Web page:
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The Moral Meaning of Nature

Nietzsche’s Darwinian Religion and Its Critics

What, if anything, does biological evolution tell us about the nature of religion, ethical values, or even the meaning and purpose of life? The Moral Meaning of Nature sheds new light on these enduring questions by examining the significance of an earlier—and unjustly neglected—discussion of Darwin in late nineteenth-century Germany.

We start with Friedrich Nietzsche, whose writings staged one of the first confrontations with the Christian tradition using the resources of Darwinian thought. The lebensphilosophie, or “life-philosophy,” that arose from his engagement with evolutionary ideas drew responses from other influential thinkers, includingFranz Overbeck, Georg Simmel, and Heinrich Rickert. These critics all offered cogent challenges to Nietzsche’s appropriation of the newly transforming biological sciences, his negotiation between science and religion, and his interpretation of the implications of Darwinian thought. They also each proposed alternative ways of making sense of Nietzsche’s unique question concerning the meaning of biological evolution “for life.” At the heart of the discussion were debates about the relation of facts and values, the place of divine purpose in the understanding of nonhuman and human agency, the concept of life, and the question of whether the sciences could offer resources to satisfy the human urge to discover sources of value in biological processes. The Moral Meaning of Nature focuses on thehistorical background of these questions, exposing the complex ways in which they recur in contemporary philosophical debate.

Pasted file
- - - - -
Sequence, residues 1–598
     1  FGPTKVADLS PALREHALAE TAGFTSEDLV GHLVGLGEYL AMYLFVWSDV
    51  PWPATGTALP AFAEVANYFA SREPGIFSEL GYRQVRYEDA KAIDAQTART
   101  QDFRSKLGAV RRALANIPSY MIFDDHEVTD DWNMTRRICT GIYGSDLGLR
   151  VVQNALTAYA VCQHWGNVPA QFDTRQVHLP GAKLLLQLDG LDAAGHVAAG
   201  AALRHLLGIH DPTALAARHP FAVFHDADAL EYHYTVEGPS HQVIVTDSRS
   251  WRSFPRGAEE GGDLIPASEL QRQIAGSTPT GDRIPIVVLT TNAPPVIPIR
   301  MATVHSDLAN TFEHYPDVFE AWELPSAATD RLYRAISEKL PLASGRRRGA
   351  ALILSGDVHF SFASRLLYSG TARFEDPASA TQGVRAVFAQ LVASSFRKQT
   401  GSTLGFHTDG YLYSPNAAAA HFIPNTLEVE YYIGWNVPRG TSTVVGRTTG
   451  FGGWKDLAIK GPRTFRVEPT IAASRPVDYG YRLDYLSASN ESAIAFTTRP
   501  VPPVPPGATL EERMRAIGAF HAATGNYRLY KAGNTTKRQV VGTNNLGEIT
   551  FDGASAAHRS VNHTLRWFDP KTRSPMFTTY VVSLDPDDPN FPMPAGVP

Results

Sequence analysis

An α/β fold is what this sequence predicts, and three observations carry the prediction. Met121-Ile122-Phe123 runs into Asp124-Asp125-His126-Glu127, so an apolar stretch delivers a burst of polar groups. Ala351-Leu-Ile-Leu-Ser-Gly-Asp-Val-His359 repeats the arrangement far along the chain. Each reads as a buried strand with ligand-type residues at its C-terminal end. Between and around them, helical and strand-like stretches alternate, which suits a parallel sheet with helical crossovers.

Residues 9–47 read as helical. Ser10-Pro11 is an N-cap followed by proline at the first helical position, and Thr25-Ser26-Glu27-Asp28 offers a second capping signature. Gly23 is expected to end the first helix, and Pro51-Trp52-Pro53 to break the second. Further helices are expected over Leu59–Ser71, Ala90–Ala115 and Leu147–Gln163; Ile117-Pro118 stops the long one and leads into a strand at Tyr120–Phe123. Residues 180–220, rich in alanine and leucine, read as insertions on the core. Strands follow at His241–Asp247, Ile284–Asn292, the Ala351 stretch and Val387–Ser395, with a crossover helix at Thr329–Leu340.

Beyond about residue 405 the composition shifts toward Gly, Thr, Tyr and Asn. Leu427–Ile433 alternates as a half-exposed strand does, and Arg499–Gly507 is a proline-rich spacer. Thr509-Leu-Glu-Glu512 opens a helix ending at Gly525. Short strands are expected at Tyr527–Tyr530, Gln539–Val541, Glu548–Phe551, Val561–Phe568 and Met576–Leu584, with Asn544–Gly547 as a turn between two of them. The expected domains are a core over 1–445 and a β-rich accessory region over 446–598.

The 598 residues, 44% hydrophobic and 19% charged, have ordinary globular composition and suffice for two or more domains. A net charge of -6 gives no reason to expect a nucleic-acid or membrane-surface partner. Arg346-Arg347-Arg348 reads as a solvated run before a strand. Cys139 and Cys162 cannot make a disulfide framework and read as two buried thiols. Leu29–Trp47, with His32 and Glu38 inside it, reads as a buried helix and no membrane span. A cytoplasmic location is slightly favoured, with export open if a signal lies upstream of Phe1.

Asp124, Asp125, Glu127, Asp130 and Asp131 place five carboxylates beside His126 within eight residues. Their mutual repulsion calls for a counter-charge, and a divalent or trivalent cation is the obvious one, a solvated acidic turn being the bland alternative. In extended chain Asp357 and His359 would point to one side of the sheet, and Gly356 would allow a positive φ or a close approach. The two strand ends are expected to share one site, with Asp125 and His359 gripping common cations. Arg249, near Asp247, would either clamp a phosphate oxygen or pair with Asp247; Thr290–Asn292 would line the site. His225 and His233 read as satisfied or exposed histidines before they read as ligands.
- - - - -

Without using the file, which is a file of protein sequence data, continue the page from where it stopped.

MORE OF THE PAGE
Author Information

Peter J. Woodford is a research associate at the University of Cambridge.

Reviews

“In The Moral Meaning of Nature, Peter Woodford raises the question of the impact of naturalistic approaches to life on conceptions of value, science, and religion in the late nineteenth century, taking Friedrich Nietzsche as his point of departure. Woodford does an excellent job of showing how the concept of ‘life’ connects many strands of Nietzsche’s thought while also engaging a constellation of authors and their approaches, such as Overbeck and the study of religion, Simmel and the study of sociology, and Rickert and the neo-Kantian approach to values.”
— John H. Smith, University of California, Irvine

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